Marianne’s Water Shoot

When Marianne and I started discussing options for her shot she said that she wanted to have a water look and showed me some examples that had clearly been shot in a shower. I agreed that we could do something similar and set to work figuring out how to do it.

Now the simple solution would be to shoot in an actual bathroom. Have done this is the past but one of the main issues you run into with such a shoot is having enough room to position the subject and lighting to the way that you want.

Fortunately I had an easy solution. When our main bathroom has been renovated, after a burst pipe, we had completely changed the shower. I had kept the door panel from the old shower as a possible prop for exactly this circumstances. So by using some upright supports and clamps, I was actually able to replicate a shower.

I chose an area under a large tree because this minimised the amount of natural light and let me have better control over the overall light. Generally speaking I will set the camera to remove all ambient light for only flash is used. When shooting outside this becomes more difficult and therefore any technique to limit the amount of natural light helps.

The main lighting was provided by two speed lights that were positioned on either side of Marianne and aimed so that they did not spill onto the glass. In order to avoid reflections on the front of the glass I positioned a large black backdrop behind the camera. As it turned out the light provided from the flash eliminated any reflections on the side of the glass facing the camera.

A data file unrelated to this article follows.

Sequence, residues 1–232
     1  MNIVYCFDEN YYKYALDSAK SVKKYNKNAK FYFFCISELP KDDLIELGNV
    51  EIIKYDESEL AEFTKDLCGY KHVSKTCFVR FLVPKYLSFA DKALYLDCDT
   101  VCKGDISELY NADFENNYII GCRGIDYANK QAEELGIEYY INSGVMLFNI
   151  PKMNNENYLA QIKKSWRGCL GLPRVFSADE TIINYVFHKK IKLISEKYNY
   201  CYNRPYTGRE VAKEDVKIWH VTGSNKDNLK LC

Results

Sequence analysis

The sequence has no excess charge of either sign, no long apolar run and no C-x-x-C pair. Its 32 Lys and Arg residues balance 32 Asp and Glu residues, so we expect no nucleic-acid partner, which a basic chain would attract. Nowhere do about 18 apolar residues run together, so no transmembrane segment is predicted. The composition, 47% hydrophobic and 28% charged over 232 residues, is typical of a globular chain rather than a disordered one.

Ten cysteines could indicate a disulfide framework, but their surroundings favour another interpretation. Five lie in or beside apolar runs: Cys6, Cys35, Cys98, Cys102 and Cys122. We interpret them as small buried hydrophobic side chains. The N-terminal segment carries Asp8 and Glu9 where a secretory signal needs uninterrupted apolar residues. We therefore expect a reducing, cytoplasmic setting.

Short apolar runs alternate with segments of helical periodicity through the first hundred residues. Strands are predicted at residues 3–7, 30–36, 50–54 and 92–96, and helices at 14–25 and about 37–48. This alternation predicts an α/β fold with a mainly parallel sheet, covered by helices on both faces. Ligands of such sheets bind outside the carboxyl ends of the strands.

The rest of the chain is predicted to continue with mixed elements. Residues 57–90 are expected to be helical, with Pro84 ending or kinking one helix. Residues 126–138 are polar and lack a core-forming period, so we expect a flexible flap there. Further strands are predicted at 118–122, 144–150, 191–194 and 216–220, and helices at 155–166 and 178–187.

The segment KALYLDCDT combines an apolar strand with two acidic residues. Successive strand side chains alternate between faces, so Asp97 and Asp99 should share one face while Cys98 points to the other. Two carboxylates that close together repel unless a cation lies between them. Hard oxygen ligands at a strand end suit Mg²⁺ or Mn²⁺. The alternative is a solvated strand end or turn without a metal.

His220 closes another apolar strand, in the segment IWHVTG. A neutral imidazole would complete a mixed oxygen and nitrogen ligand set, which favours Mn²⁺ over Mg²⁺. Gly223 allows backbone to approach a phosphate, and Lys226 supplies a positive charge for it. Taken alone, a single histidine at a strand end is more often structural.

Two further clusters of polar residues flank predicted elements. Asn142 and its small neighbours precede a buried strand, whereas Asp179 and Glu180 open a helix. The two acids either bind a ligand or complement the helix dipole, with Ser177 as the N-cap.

As we were not planning to shoot full body we positioned a stool and Maryann set on that. That gave the advantage that the lights and focus could be pretty much locked into place.

It was now a matter of applying the water. We used a spray bottle to apply water to both the glass and to Marianne and started shooting.

The glass worked really well and it is was a relatively simple setup so I am sure that I will use it again.

I then changed the setup to see if we could use it to replicate a model being under water. I had shot Megan a number of years before but that was in an actual bath.

I placed a tarpaulin on the ground and set the door on top of two boxes that made it high enough for Marianne to go under. I then positioned the camera on a boom and lights on either side of her. We then filled the top of the glass with about 1cm of water.

To try to mimic the water effect we placed a rolled up towel under Marianne’s neck so that her head was at the right angle. We then started to do a series of images before the local insect population decided were were on their dinner menu, and we were forced to call it quits.

While I ended up with some usable images I would have to say that work is still needed before I would be really happy with the technique. There were two main issues one of which is easier to solve than the other.

The first was that there was two much distance between the water and Marianne. By the time I had focused on her, the water essentially disappeared as it was completely out of focus. The result was an image that just looked soft. The answer would be to close the distance between the glass and subject.

The second issue in not so easy to fix. That is that the body changes shape when it is lying on the ground as opposed to being supported in water. Not sure what we do with that one.

Even though I didn’t come out with images exactly as I had hoped it was still a fun experiment to do.

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